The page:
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Amid rise in overdose deaths, advocates look for answers

Posted at 1:26 PM, May 28, 2021

Addiction is suffocating. It has strangled countless lives and ended so many others.

"For me, it started with the pills and once you get cut off, you’re already hooked,” described Jennifer Foote, who found herself addicted to drugs. “And you have nowhere to turn to for your withdrawals, so I went and turned to heroin."

For Jason Doss, he lost four people he knew to drug overdoses.

“It’s my sinking thinking that gets me back out here," Doss said.

He feels addiction’s strength in the worst ways.

“I lost everything. I lost jobs, I lost in touch with my family, I barely can talk to my son," he said.

Doss is homeless and says he shoots heroin every day just to feel normal.

"It’s not that I’m not tired of it; I am tired but it’s just I have nowhere else to go," he said.

In 2021, no longer does the danger lie in just the drugs that have spread through his Columbus, Ohio, neighborhood, but also the potentially deadly ingredient often found inside those drugs.

“It’s to the point they are putting fentanyl in use about everything," Doss explained.

Fentanyl is a synthetic opioid the CDC says is 50 to 100 times stronger than morphine. On the streets, it’s illegally made and mixed into substances, making even the smallest amounts become deadly.

Nationwide, the CDC says overdose deaths increased by 28.3% between October 2019 and October 2020. The CDC believes those numbers are underreported and predicts they are around 30%.

In Ohio, more than 5,000 people died of overdoses in 2020, a record for a state already hit hard by America’s drug crisis.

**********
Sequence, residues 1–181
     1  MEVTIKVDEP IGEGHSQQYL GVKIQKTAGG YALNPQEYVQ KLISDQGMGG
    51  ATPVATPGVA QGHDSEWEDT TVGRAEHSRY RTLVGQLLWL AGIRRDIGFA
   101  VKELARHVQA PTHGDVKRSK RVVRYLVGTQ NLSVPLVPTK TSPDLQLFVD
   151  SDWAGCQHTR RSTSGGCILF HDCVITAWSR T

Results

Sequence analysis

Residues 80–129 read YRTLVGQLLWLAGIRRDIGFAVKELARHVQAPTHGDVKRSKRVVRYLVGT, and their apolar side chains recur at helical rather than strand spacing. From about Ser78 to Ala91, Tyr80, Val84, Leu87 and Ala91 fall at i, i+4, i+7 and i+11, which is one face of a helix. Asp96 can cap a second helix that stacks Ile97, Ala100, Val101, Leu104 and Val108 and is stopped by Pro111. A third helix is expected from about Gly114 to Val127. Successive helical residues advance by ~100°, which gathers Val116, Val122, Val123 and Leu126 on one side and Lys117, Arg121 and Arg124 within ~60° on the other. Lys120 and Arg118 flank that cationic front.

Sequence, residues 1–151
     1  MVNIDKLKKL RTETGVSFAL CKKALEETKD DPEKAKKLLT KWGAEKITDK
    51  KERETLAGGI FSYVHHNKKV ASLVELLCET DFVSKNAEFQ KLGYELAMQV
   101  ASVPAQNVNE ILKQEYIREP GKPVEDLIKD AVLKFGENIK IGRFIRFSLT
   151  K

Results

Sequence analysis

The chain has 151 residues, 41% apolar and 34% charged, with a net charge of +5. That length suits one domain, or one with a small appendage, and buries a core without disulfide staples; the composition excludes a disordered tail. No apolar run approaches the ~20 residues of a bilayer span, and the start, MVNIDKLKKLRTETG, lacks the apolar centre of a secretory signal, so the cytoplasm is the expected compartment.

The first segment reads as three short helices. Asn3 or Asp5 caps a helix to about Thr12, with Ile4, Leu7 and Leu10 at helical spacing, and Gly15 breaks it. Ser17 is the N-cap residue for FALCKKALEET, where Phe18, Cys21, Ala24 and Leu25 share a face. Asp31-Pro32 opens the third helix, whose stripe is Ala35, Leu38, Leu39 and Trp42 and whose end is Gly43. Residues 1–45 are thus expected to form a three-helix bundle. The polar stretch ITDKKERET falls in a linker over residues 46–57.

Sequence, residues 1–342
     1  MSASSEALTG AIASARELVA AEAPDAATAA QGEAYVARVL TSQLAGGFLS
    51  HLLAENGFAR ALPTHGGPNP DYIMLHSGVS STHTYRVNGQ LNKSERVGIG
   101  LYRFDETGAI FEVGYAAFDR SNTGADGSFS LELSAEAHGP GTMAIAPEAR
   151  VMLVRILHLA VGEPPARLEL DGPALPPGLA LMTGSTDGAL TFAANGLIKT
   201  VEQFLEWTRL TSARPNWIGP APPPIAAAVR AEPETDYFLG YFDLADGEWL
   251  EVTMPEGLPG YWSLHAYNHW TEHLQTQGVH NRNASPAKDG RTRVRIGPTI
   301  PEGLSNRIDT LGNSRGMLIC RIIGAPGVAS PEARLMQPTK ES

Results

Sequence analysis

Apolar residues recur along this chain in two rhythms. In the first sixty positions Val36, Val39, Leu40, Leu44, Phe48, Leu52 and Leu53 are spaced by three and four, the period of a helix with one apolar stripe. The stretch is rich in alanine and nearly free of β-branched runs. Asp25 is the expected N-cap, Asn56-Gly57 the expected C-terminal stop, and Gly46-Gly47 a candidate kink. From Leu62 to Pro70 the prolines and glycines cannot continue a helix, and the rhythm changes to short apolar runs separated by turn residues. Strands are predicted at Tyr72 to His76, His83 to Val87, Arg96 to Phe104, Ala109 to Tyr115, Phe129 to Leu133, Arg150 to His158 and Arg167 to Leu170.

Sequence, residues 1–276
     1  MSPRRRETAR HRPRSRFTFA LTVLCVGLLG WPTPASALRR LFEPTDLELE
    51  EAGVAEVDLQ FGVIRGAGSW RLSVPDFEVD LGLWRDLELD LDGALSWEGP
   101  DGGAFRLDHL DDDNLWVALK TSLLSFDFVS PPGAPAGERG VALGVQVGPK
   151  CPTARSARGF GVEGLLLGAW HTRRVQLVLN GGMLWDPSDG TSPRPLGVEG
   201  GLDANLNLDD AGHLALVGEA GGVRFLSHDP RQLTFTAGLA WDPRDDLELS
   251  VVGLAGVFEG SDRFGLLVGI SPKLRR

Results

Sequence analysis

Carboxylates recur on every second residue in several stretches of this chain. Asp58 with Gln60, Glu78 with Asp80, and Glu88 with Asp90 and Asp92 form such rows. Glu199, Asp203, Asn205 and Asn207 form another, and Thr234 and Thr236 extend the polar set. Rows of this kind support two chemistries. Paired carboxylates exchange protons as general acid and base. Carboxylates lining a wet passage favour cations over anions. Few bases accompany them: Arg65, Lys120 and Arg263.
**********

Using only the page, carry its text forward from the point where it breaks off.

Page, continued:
“You can’t get on Facebook or talk to somebody without hearing that somebody has overdosed," said Foote.

Foote has a tattoo on her arm with a date in August of 2020, which marks the day she almost became another Ohioan who lost their life from drug addiction.

She struggled with the isolation of the pandemic and says she relapsed and overdosed.

“I had no recollection of anything but being in the kitchen and sitting up and was totally confused and disoriented," she recalled

Addiction is a battle that’s hard to fight alone, but the pandemic made that a reality for so many like Foote and Shae Dalrymple.

“For a normal person, getting that check would have been helpful," Dalrymple said. "For people like me, it was kind of an invitation to relapse and a lot of people like me did.”

Both Foote and Dalrymple are alive today because of Narcan, which can reverse an overdose.

Dennis Cauchon runs Harm Reduction Ohio, the largest Narcan distributor in the state. People can order Narcan on the organization's website and have it shipped to their homes. The website also includes instructions on how to use it in an emergency.

"Most people think it’s because we have high levels of drug use; that’s not true,” Cauchon said. “Ohio has average levels of drug use. We have high cases of overdose death. The reason is fentanyl came into Ohio's drug supply fast and hard.”

More than 88% of the heroin seized in Ohio contains fentanyl, according to his research. But now, he says it’s showing up more often in other substances like such as cocaine and meth.

Cauchon says Ohio distributed about 130,000 units of it last year, but he believes the need is around as many as a million units a year in Ohio.

Barbara Clark understands the pain of those fighting additions grip. She's fought the fight herself.

"I'm a recovering addict so I know the pain,” she said. “I know what they do out here every day all day all night.”

Clark is with the Columbus Kappa Foundation. The organization is working to save those in a part of Columbus that has an overdose death rate 40% higher than the entire state of Ohio, according to Harm Reduction Ohio.

Clark and others can give out dozens of units of Narcan a day.

"This Narcan means to me is that we’ll be able to save a life," said the foundation's executive director Nathaniel Jordan II.

African Americans have seen a dramatic rise in overdose deaths in recent years.

Jordan II wants the state of Ohio to send more Narcan to this mostly Black neighborhood because the need is that great.

For some people, like Jason Doss, it’s saved their lives multiple times.

"I’d have to say this year, 2021, alone about seven times already," he said of the times Narcan has been used on him.

Doss says he's used it to save other people about the same number of times this year as well. He says he’s tried recovery programs, but he’s still out here on the streets as he continues to fight the grip of an illness that can be too strong from which to break free.

“I just go as the day goes, and God is going to take me the way that I go whenever is the time," he said.